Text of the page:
Monday, January 31, 2005

A Lockean Theory of Trinity and Incarnation

Joseph Jedwab, D. Phil. candidate at Oriel College, Oxford, writes:

As promised, here is a Lockean theory of the Trinity and Incarnation:

Locke, in An Essay Concerning Human Understanding, Book 2, Chapter 27, has quite a bit to say about substances and persons. By ‘a substance’, he means a fundamental entity and he says that, in this sense, there are three kinds of substance: God [infinite spirit], finite intelligences [finite spirits], and bodies [atoms]. By ‘a person’, he means ‘a thinking intelligent being that has reason and reflection and can consider itself as itself the same thinking thing in different times and places’ (section 9). He gives an account of the unity of the mental items of a person at a time in terms of introspection and gives an account of the unity of the mental items of a person at different times in terms of memory. He says that just as atoms constitute an organism so long as their joint activity constitutes a life, so a spirit constitutes a person so long as its activity constitutes a consciousness. Same life; same organism. Same consciousness; same person. But he also thinks that just as the same atoms can compose different organisms at different times and different atoms can compose the same organism at different times, so the same spirit can constitute different persons at different times and different spirits can constitute the same person at different times. But there is no reason why, if so, the same spirit cannot constitute more than one person at the same time and more than one spirit cannot constitute the same person at the same time.

Assume this could be. So Locke believes that there are spirits who have consciousnesses and that spirits who have consciousnesses constitute persons. But the spirit and the person are distinct because they have different persistence conditions: the identity of persons consists in the identity of consciousness but the identity of spirits does not so consist. Now here is a theory of the Trinity and the Incarnation as a package deal. Consider it a late Christmas present.

Here is the Trinity. There is one divine spirit who has three divine consciousnesses and so the divine spirit constitutes three divine persons. God is the spirit who has three divine consciousnesses. The Father, the Son, and the Holy Spirit are the divine persons that God constitutes. In this case, God is not a person, for he lacks the persistence conditions of a person. No divine person is identical to God, but there is a natural sense in which each divine person is God because every divine person is constituted by God. We can even add that the Father essentially causes the Son to exist and the Son essentially causes the Holy Spirit to exist. So we have the processions.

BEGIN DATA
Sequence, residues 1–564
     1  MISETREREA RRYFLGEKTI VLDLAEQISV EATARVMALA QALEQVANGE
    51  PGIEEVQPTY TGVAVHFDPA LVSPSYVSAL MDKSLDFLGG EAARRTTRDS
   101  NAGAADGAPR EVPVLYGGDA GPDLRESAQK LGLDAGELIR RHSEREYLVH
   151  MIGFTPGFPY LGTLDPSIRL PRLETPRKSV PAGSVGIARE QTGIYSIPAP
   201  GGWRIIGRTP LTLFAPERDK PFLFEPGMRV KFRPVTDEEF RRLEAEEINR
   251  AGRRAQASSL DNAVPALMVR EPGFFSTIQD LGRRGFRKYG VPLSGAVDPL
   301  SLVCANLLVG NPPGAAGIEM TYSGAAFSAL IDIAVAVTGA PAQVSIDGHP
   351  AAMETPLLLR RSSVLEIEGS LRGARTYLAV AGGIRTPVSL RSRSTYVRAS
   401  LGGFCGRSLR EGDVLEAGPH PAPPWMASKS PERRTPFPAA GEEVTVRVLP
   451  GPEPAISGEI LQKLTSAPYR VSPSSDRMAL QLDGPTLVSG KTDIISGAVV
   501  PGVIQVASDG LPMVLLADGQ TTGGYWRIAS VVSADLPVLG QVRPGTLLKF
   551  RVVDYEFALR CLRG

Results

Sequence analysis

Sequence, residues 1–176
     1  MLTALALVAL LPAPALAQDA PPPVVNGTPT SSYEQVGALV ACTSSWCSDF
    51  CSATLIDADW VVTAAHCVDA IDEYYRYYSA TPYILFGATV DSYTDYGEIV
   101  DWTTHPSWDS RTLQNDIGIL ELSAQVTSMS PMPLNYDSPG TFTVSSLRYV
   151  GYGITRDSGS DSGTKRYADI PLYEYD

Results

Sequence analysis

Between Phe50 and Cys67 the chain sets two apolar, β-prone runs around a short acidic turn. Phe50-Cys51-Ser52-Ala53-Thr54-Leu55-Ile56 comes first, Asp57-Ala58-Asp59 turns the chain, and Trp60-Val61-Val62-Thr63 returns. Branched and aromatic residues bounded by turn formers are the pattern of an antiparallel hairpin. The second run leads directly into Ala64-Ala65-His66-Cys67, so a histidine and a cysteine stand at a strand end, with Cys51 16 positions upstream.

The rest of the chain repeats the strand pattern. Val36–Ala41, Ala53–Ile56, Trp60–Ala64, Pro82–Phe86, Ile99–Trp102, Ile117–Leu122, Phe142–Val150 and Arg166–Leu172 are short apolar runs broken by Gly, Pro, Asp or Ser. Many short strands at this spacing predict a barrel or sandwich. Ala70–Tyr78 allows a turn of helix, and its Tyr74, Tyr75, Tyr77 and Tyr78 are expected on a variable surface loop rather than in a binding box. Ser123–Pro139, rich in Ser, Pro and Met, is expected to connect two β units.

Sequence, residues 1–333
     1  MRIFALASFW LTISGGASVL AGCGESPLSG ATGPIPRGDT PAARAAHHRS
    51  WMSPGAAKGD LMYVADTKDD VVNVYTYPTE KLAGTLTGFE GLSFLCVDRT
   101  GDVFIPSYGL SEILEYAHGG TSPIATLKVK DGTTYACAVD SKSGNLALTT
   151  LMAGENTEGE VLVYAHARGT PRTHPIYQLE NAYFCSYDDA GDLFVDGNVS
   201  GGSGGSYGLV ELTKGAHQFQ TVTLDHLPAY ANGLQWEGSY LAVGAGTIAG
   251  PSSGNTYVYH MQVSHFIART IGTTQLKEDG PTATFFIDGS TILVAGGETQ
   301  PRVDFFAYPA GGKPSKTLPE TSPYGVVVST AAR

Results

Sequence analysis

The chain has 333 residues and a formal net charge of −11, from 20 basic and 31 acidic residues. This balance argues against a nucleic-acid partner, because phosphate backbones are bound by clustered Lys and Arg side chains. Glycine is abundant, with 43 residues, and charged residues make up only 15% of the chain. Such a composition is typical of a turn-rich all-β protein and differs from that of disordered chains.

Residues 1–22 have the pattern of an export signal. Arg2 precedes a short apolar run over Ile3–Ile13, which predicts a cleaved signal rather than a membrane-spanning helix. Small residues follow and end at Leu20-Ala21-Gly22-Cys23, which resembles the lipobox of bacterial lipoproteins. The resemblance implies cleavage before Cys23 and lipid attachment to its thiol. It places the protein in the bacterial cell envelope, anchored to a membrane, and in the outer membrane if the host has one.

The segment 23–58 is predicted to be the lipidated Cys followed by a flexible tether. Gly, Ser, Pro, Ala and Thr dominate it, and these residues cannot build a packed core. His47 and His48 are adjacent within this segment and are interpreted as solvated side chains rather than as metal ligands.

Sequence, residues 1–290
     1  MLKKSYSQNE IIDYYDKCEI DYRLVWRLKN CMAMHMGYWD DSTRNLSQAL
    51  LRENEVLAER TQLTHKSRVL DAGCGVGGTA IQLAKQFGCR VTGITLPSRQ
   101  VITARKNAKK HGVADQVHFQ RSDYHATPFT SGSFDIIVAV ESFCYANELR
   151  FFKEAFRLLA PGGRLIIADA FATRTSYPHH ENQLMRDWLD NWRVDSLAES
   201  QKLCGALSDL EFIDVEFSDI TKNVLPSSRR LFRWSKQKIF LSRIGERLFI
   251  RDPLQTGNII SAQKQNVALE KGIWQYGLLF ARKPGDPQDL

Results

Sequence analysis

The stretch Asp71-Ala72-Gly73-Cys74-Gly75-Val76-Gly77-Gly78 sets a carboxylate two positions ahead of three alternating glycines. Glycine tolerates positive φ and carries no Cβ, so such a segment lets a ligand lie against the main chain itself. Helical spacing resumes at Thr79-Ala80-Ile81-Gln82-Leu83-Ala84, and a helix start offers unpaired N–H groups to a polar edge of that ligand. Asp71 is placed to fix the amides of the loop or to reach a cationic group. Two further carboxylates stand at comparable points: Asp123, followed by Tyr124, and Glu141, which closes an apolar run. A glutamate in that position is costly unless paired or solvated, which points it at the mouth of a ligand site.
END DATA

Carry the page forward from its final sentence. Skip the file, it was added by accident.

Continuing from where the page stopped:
Here is the Incarnation. Locke thinks that a human being is an organism that exists so long as the activity of its constituent atoms constitute a life. Sometimes he says that a human being is a composite of atoms. Other times he says that a human being is a composite of atoms and a finite spirit. Let’s go with this last for the sake of exposition. He also thinks that human persons are composites of atoms and a finite spirit. But as the careful reader may have noticed, he thinks human beings and human persons are different because their persistence conditions are different. Finally, he thinks it probable that thinking substances are immaterial simples but sees no reason why God could not superadd thought to a material being.

Now back to the Incarnation. It comes to be the case that the divine spirit and a human thinking substance (or human being) constitute the Son. The divine spirit is one nature and the human thinking substance (or human being) is another nature. Together they constitute one divine person who is also human. We can even add, if we want, that human beings are material beings to whom God superadds thought and so have the Incarnation with human beings as material. So what do you think about that?

My problem is not so much with the application as with the metaphysical account of persons here. Of course, we need not follow Locke in the details of what counts as a consciousness. My principal difficulty is that I think to distinguish persons and thinking substances here is double counting. There are too many thinkers here. If the person is a thinker and the thinking substance is a thinker, then the way I individuate events and states, there are too many thoughts here. I also see no reason why the thinking substance should not qualify as a person. So there are too many persons here. Finally, there is an epistemic problem. I think I am a person and so the thinking substance also thinks it is a person. I get things right; it gets things wrong. But then how do I know I am the person who gets this right and not the substance who gets this wrong? We have all the same reasons for our beliefs. I am aware that more could be said in reply here. But I also think there is more to be said in reply to the replies. Let that be an end to it for the nonce.